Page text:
Garda behaviour warnings to children drop by 85%

There has been an 85% drop in the number of behaviour warnings issued to children by gardaí in the last 10 years.

Figures released by Justice Minister Charlie Flanagan show that while 505 warnings were issued to children in 2008, the total fell to just 71 last year and so far this year it stands at just 10.

For adults, the number of warnings has significantly increased, with 428 issued in 2008 compared to 937 last year, though the figure so far this year is just 86.

Social Democrats TD Róisín Shortall said that, despite the growing issue of youth crime, the powers granted to the gardaí to tackle the problem were not being used.

“When a child or young person is getting involved in persistent antisocial behaviour, early intervention is vital to stop them being drawn in to more serious crime,” said Ms Shortall. “That is why gardaí were granted the power to issue official behaviour warnings to children and their parents, to make them aware that more serious steps may be taken if the behaviour continues.

However, the figures show that the number of these warnings has plummeted.

“In 2008, 505 warnings were issued; by 2012 it had halved to 240; and by the end of last year there were just 71 warnings issued nationally. That’s a drop of 85% over the course of 10 years.”

Ms Shortall said the measures should never be about criminalising children but added that they can play an important role in removing them from environments and behaviours that lead down a “dangerous path”.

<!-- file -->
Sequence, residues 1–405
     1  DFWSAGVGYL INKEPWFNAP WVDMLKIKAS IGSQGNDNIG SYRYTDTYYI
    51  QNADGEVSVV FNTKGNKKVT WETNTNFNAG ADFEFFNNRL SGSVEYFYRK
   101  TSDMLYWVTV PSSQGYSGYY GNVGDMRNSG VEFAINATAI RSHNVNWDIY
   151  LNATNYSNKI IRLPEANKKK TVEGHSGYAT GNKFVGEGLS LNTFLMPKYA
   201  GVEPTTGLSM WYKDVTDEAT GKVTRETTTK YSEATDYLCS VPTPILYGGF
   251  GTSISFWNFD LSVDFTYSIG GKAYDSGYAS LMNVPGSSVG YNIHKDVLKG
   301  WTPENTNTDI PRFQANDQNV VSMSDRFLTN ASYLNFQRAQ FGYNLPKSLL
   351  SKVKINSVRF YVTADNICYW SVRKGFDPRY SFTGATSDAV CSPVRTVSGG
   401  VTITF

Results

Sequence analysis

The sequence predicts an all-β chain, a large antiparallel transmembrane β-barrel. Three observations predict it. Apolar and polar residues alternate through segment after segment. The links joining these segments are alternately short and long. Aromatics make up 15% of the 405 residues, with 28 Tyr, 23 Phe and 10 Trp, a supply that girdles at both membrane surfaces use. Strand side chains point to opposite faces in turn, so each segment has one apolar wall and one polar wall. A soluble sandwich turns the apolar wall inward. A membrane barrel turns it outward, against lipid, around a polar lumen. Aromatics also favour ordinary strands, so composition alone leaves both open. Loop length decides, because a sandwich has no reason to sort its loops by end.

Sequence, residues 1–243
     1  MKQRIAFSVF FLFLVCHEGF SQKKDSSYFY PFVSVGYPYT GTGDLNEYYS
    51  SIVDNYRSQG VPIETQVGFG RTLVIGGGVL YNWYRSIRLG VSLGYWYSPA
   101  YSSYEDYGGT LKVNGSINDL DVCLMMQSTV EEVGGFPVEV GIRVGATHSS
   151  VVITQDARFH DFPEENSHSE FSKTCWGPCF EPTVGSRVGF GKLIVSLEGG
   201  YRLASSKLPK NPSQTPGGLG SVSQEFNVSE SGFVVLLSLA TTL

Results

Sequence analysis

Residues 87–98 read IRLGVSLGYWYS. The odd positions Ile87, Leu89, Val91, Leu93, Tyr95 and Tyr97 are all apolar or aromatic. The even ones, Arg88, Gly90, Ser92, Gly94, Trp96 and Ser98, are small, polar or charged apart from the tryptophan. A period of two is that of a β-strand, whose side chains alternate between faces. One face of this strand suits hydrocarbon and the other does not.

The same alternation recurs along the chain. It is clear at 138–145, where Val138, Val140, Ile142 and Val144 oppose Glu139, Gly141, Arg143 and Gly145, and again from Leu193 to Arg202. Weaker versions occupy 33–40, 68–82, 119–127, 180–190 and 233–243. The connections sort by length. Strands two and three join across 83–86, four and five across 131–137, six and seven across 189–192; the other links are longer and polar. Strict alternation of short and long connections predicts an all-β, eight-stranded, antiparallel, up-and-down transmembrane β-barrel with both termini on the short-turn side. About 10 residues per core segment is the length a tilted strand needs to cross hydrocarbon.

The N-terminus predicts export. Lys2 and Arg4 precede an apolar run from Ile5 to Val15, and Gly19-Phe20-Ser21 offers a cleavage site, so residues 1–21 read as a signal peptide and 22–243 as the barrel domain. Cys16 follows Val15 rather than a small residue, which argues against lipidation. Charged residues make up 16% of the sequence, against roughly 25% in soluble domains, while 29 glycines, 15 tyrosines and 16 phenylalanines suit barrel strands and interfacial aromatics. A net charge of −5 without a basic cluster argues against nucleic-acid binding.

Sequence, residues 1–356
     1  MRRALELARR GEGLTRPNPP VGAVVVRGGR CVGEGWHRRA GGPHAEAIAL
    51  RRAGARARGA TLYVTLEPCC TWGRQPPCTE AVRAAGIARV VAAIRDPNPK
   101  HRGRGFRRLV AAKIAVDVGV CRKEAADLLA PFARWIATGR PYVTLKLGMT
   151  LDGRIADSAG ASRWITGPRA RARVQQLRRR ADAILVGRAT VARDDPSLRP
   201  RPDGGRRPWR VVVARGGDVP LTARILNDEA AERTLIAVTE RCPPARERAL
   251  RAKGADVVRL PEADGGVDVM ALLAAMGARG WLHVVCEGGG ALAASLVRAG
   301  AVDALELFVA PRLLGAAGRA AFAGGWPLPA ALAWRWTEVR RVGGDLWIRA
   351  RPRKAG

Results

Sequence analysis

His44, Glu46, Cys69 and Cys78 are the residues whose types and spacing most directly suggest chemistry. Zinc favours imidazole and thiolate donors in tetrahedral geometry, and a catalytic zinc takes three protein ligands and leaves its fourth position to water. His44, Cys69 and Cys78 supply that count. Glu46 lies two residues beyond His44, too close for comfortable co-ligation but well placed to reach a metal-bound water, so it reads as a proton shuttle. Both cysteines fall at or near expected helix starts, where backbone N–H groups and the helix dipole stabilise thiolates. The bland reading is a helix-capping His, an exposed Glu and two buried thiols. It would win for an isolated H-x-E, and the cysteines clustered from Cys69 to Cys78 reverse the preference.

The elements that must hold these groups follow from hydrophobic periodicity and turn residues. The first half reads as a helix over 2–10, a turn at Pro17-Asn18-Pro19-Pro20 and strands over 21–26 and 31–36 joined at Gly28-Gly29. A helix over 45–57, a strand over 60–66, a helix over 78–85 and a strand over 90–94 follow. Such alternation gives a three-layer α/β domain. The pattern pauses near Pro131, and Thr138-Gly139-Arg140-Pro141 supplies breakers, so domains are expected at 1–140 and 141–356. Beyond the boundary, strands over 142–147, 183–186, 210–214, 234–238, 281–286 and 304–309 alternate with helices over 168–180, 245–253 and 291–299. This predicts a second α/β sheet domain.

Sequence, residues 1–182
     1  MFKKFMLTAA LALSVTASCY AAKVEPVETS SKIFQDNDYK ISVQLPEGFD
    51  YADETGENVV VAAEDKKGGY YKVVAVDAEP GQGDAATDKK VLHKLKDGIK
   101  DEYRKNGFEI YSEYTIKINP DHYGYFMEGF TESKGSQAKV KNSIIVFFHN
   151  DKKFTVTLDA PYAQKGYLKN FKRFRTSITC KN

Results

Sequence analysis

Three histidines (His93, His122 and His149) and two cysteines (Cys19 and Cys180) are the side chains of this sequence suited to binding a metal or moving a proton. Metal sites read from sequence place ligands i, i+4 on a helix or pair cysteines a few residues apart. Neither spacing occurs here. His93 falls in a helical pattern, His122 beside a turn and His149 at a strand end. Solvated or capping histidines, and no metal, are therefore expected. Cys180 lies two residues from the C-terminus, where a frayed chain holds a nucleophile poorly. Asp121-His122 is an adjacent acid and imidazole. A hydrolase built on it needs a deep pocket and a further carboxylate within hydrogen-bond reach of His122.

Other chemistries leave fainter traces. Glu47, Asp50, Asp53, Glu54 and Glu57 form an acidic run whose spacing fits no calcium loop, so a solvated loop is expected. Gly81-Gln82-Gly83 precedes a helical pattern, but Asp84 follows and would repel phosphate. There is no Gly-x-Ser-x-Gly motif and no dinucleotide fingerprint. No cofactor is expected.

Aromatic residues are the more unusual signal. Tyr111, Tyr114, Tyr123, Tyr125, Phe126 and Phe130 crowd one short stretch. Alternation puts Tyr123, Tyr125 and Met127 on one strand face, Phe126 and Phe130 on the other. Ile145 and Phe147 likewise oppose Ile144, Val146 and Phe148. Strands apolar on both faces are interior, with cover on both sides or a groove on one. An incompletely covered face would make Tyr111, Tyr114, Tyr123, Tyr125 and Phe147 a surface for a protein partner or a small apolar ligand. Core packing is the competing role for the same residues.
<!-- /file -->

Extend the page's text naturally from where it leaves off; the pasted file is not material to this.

“In recent years, community workers have been reporting a significant increase in the number of minors becoming involved in drug dealing because of the perception that they’re untouchable under the law,” she said. “These warnings were introduced to nip this sort of behaviour in the bud. Yet, according to the provisional numbers for this year, just 10 warnings have been issued.

There is clearly something wrong with the system. We need to know why the gardaí are not using the powers available to them and what, if anything, they are doing as an alternative.

Mr Flanagan, in a response to a question from Fianna Fáil’s Jim O’Callaghan on the same topic in recent days, said that, in setting up the antisocial behaviour order (ASBO) regime in 2007, the interventions —warnings, good behaviour contracts, and referrals to the Juvenile Diversion Programme — were intended to address problem behaviour.

“It was only if they failed to lead to a behaviour adjustment by the person in question that a court order would then be applied for,” he said.

“It is widely acknowledged the use of ASBOs is only suitable in certain circumstances and indeed it is only one crime prevention option open to An Garda Síochána in tackling this type of crime.

“An Garda Síochána already employs a wide range of operational measures aimed at tackling public order offences and antisocial behaviour.”

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